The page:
October 26th, 1998
As you might suspect, we here at 'Fly Anglers On
Line-Communication Central' have a vast library of books on many
areas of fly fishing, including casting. As I write most of the columns
on casting here, it is therefore rather obvious that it is I who am most
familiar with the content of said books, especially on casting. There
is no way I could possess the wealth of knowledge I do without
having such a resource to steal, borrow, re-word, and otherwise
make stuff sound like it is my own idea; short of plagiarism, however.
Till next week, remember ...
Therefore, when it became evident I had not written
a column on the ROLL-CAST I attempted to research the subject a bit.
Said investigation proved to be more interesting than I had anticipated.
The ROLL-CAST is mentioned only rarely in the earlier works on fly
fishing and casting. And there may have been several reasons for such
near omission. If you knew anything at all about casting, certainly you
could do the ROLL-CAST as it was for many the stalwart of fly fishing
itself. The cast was performed using a 'chop-the-head-off-the-chicken'
stroke. Effective with the type of fly rods popular during many of the earlier
The rod was brought back past the casters ear,
stopped, swept forward to a horizontal plane, and the line 'rolled' out
on the surface of the water. The cast matched the equipment; necessity
again being the mother of invention. It is still a useful cast and taught in
There has been, however, an addition to the cast. So to
say, a different way of doing it; in fact more than one new way. This has been
due to the improvements of both fly rods and fly lines. There are some authors
who have kept pace with this, but some readers and beginners are now even
If you have read this far and are satisfied with your
ROLL-CAST don't go any farther, it is going to get very simple from here on.
This is going to be as SIMPLE as I can make it; and you probably know all
of the basics by now.
What I found in my 'looking-up-in-a-lot-of-books'
was this. The writers did a good job. A very good job. Pictures, drawings,
techno-babble, detailed explanations that lost me in tedium; they got carried
away with far too many details for me. I plain got bored with all of it, as
you may be by now too.
But, if you are still with me, you are serious about
wanting to know more of the ROLL-CAST, good. Here we go. If you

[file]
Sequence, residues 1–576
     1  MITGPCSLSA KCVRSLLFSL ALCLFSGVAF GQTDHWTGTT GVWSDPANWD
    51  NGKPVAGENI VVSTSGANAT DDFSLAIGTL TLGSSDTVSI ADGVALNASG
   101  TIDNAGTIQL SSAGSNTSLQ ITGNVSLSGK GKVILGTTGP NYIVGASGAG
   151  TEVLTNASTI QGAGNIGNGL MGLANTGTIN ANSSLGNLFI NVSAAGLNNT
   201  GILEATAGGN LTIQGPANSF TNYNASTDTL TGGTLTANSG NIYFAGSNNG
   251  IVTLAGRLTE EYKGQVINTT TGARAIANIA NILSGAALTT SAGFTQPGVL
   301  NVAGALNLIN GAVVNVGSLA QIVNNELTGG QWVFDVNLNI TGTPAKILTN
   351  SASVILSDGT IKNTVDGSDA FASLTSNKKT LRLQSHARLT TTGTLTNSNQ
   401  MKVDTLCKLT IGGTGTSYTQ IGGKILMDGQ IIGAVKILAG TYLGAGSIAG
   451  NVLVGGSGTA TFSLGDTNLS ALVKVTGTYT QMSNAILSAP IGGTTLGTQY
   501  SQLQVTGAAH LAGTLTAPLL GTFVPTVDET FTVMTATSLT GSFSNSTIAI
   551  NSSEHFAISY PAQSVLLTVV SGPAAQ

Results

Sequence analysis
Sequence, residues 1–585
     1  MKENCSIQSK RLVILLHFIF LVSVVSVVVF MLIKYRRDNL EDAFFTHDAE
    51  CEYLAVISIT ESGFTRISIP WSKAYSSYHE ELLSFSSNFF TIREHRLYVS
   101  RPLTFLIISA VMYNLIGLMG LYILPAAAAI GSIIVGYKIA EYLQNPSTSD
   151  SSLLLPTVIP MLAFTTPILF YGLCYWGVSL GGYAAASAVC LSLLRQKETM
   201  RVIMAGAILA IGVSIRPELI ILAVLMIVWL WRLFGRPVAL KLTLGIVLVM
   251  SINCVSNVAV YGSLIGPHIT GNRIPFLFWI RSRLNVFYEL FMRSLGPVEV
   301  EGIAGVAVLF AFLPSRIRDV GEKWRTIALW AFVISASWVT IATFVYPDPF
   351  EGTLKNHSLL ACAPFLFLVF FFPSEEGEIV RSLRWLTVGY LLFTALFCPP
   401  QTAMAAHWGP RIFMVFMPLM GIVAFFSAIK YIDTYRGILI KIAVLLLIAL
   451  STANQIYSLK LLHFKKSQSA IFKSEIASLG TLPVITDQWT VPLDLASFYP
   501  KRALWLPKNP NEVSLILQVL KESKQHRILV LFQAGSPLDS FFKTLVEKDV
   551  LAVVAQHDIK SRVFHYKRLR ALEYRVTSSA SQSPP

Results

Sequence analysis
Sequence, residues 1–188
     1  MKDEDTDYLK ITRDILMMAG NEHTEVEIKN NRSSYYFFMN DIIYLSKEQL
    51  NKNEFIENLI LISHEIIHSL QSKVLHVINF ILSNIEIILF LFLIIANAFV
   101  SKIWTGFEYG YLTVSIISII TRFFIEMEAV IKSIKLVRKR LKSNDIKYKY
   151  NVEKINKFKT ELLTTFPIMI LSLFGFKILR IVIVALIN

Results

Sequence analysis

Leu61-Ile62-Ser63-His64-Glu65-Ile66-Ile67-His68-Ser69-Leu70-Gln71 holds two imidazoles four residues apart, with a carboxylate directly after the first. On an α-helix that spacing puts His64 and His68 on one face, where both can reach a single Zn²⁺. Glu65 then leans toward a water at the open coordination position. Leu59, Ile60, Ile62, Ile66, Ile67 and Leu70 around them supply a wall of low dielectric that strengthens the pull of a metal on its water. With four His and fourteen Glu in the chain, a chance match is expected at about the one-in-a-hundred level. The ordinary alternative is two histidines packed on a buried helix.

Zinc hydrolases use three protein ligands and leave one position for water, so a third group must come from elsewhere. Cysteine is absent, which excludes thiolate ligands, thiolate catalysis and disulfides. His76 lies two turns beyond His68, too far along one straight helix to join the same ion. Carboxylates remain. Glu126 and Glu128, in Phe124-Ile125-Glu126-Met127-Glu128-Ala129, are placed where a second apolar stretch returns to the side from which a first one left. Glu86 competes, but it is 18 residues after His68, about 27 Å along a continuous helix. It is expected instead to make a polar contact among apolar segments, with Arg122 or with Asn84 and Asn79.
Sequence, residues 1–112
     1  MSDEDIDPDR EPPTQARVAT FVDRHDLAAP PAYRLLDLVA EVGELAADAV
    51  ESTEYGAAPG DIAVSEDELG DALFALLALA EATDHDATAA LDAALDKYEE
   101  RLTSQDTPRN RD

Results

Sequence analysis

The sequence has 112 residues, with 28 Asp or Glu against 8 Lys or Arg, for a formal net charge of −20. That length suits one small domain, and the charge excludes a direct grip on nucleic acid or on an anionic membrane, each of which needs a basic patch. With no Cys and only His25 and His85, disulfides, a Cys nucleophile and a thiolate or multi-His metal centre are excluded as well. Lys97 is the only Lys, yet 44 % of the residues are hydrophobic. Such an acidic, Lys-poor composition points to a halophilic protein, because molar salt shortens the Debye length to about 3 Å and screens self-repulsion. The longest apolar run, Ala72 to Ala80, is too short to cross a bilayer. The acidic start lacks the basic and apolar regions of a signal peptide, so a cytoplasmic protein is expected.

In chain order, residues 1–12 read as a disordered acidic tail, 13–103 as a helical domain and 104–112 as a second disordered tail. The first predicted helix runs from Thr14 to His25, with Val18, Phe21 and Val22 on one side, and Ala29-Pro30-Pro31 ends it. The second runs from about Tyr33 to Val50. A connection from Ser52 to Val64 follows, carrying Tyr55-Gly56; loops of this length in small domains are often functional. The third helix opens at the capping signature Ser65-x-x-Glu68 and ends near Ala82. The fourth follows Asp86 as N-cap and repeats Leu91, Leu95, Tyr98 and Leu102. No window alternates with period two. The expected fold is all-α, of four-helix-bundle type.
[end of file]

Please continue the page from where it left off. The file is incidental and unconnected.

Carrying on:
have an OLD fly rod (bamboo, or fiberglass); use the OLD ROLL-CAST.'
By that I mean, use the above mentioned method and let the line roll out
on the water. It is about all you can expect. They were designed for each
other. Don't worry that you can't cast clear to the other side of the stream.
If you have one of the newer fly rods, (graphite, or a
mix of it) then you need to know this. You have the ability to make a
ROLL-CAST in the AIR. That's right, so the front loop hops off the water
and zips toward the target in the air. And it is so easy to do. But, you have
to do it differently from the 'OLD' way.
For lack of another name (and please don't blame
me for calling it this) the ARIAL ROLL-CAST is started the same way.
That is, bring the rod back past your ear, come to a dead-stop, and here
is the BIG difference, do not make a ROLL!
Instead, make a forward cast.
Exactly like any other forward cast.Stop the rod at exactly the same place
you would for a forward cast. The line will shoot out with a narrow loop,
the fly will hop off the water and the whole thing will deliver just fine.
An example here may help you with this. If you
wanted to make a long front cast, would you use a big sweeping front
loop, or a nice tight one? Right, the tight one. Now, if you have some
problem learning this cast, try this. Kneel down. It is almost impossible
to throw a big front loop from that position, the tight loop will dictate
itself. Try it; and keep it simple.
Come back to a 'dead-stop.' Make a 'forward' cast.
Because the friction of the line on the surface of the
water makes this cast work, you need to practice on water! Or water
the lawn really well first.
That should keep you busy for a while; more on the
other things you can do with the ROLL-CAST in future columns.. ~ JC